- Carmaker's profits to be considered by U.S. when fines imposed
- VW's U.S. chief testifies about timeline on emissions cheating
Volkswagen AG’s top U.S. executive apologized and promised a full investigation into its emissions-cheating scandal as U.S. lawmakers examining the case opened a hearing demanding answers both from the automaker and federal regulators.
“Volkswagen has betrayed a nation -- a nation of regulators, loyalists and innocent customers. It’s time to clean it up or get off the road” said Representative Fred Upton, a Michigan Republican, as a hearing of the House Energy and Commerce investigations subcommittee began Thursday. “VW will inevitably pay a steep price for its dirty little secret. How it responds to this failure will go a long way to rebuilding or further eroding the public’s trust.”
It is the first public questioning in the U.S. of a VW executive since the U.S. Environmental Protection Agency and the California Air Resources Board announced their investigation Sept. 18. The scandal has rocked the world’s second-largest automaker, leading to the resignation of its chief executive, Martin Winterkorn, and an announced charge of 6.5 billion euros ($7.3 billion) for recall repair costs. Under the Clean Air Act, Volkswagen may be liable for fines as high as $18 billion, based on maximum penalties per car involved.
“We are determined to make things right,” Michael Horn, the president and chief executive officer of Volkswagen of America, told the committee. “This includes accepting the consequences of our acts, providing a remedy, and beginning to restore the trust of our customers, dealerships, employees, the regulators, and the American public.”
Representative Marsha Blackburn, a Tennessee Republican, wonders whether EPA officials are so overburdened by enforcing environmental regulations that they’re beginning to miss really important things.
“Being oblivious is a pretty big deal,” Blackburn said in an interview.
Just how much money Volkswagen made by cheating on U.S. emissions tests will be a factor in the penalties that will be assessed, EPA officials said. The agency intends “to assess the economic benefit to VW of noncompliance and pursue appropriate penalties,” Christopher Grundler, director of EPA’s Office of Air and Radiation, and Phillip Brooks, director of civil enforcement for air, said in their written testimony.
“Remedies should match the wrongdoing,” said Erik Gordon, a professor with the Ross School of Business at the University of Michigan. When U.S. regulators lacked statutory authority to impose higher fines on carmakers, including General Motors Co. over flawed ignition switches, “the small fines frustrated the public and Congress,” he said.
The Wolfsburg, Germany-based automaker will ultimately face costs and lost revenue from its damaged image of more than 35 billion euros ($39 billion), according to an estimate by Warburg Research.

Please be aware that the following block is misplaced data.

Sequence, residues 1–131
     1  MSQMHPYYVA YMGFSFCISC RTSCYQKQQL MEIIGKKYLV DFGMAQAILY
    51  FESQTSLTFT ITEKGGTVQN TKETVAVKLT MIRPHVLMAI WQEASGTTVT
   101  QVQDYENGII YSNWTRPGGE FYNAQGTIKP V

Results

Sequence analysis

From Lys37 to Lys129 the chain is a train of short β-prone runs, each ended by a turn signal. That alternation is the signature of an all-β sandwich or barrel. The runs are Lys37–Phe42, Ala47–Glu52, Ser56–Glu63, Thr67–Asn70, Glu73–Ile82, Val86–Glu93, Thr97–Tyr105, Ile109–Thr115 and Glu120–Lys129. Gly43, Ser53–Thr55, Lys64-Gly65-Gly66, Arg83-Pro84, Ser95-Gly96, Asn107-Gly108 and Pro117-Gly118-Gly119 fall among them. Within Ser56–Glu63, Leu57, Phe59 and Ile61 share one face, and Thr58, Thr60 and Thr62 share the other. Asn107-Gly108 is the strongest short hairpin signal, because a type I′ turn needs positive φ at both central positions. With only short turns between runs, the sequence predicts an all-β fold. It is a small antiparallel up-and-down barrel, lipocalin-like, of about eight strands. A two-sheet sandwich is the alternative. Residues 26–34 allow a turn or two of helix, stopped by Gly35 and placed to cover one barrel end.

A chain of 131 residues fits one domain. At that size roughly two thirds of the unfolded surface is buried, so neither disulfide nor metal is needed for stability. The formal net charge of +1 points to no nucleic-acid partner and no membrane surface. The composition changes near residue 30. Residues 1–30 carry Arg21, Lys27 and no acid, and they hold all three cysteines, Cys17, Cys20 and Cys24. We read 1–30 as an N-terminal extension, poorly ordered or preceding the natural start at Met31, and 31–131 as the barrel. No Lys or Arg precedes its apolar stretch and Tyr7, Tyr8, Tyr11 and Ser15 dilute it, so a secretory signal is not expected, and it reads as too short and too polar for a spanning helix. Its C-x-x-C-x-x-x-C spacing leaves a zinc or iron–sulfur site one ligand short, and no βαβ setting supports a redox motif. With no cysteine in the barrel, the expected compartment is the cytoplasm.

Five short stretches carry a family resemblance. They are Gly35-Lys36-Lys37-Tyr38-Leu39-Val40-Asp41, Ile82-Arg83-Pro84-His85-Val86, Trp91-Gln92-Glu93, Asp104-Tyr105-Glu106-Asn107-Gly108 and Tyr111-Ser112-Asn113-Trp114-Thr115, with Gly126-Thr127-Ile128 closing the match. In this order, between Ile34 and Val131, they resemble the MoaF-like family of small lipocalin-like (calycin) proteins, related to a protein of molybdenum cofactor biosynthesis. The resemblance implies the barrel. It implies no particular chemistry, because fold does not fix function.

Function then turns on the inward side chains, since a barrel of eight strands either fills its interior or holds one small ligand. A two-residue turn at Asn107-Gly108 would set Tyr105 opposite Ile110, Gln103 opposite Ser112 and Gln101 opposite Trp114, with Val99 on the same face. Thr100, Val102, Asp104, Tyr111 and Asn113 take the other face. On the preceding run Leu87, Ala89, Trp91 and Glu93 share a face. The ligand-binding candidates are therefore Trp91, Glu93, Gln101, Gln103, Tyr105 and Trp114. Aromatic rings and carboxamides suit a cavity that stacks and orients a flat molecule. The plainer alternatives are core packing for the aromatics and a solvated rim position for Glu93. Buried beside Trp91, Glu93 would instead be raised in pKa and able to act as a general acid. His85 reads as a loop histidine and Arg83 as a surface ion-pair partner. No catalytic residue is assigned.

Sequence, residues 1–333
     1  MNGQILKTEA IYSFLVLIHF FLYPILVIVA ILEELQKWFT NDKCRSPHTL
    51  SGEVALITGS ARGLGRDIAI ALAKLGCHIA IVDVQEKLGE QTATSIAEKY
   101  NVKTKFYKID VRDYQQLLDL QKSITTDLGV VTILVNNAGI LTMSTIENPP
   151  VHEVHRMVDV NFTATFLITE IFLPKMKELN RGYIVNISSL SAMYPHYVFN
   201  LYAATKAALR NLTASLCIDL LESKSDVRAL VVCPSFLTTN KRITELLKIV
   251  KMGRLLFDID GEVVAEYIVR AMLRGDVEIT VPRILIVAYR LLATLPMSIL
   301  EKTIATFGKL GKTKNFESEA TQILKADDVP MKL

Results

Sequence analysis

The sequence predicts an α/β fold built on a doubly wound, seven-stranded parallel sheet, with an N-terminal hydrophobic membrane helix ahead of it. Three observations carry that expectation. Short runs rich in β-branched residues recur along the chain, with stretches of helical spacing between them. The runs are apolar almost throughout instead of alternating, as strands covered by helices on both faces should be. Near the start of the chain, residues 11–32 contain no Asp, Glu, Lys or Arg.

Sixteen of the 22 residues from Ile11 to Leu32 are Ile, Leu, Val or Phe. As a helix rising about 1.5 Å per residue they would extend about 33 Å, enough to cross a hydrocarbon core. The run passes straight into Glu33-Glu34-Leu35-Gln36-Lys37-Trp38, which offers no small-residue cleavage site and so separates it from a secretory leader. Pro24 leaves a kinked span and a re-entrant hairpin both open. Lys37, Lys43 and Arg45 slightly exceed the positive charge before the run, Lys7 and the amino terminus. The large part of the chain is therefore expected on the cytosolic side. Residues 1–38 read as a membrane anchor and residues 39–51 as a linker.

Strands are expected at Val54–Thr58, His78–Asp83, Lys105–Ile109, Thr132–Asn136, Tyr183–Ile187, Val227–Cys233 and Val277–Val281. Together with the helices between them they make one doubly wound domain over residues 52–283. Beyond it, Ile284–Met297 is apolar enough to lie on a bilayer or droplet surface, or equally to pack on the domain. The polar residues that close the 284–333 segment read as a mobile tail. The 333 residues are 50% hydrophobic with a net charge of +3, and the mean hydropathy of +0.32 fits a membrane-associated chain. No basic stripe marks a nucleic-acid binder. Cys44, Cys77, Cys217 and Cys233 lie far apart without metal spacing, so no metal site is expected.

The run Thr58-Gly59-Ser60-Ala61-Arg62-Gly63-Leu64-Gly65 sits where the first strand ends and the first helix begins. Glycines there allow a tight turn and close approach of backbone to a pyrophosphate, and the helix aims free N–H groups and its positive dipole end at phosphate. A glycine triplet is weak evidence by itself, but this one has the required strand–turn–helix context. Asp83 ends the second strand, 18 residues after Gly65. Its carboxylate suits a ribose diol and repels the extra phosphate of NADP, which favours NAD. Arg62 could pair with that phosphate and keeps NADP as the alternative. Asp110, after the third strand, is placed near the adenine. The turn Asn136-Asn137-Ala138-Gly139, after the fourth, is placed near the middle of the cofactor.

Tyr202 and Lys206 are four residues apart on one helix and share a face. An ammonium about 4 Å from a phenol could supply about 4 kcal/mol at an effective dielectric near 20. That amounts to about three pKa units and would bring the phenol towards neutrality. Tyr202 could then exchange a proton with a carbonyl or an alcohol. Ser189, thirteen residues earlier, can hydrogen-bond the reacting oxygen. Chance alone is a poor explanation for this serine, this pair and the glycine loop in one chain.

"The behavior to which VW admitted represents a fundamental violation of the public trust," said Representative Tim Murphy, the subcommittee chairman, a Pennsylvania Republican. "The reverberations of this violation can be seen across the United States and across the world as people grapple with the implications."
Volkswagen has withdrawn applications with the EPA for certification of its vehicles for the 2016 model year, Horn said in his submission for the House hearing. Horn learned in early 2014 that the carmaker might not be following emissions regulations on its diesel models, and the topic came up again later that year, when he was told VW’s technical teams had a plan for fixing the cars involved, he said.
The company’s initial disclosure to the California Air Resources Board that it had a “second calibration” governing engines during emissions tests on three different diesel engines occurred on July 8, according to the committee. It wasn’t until Sept. 3 that the company came clean with the EPA and CARB that this alternative mode was a “defeat device,” shutting down pollution-control equipment as the cars drove in the real world.
Responsible parties will be identified and held accountable, and Volkswagen will revive its reputation, Horn said. Technical teams are still working to identify solutions for consumers, he said. Company officials in Germany said Wednesday there will be multiple solutions for different engines and different countries, and that the work would continue at least through the end of 2016. German Transport Minister Alexander Dobrindt said in a video posted on his ministry’s website that across the European Union, Volkswagen will need to exchange or rebuild parts for about 3.6 million engines.
U.S. lawmakers have been hearing from consumers, whose resale values have plummeted, as well as car dealers, who are paying interest to hold vehicles they can’t sell, said Representative Michael Burgess, a Texas Republican who sits on the Oversight and Investigations Subcommittee.
“The rules are set, and they’re set for a reason,” Burgess said. “If you have an outlier in the marketplace, it’s harmful at a lot of different levels.”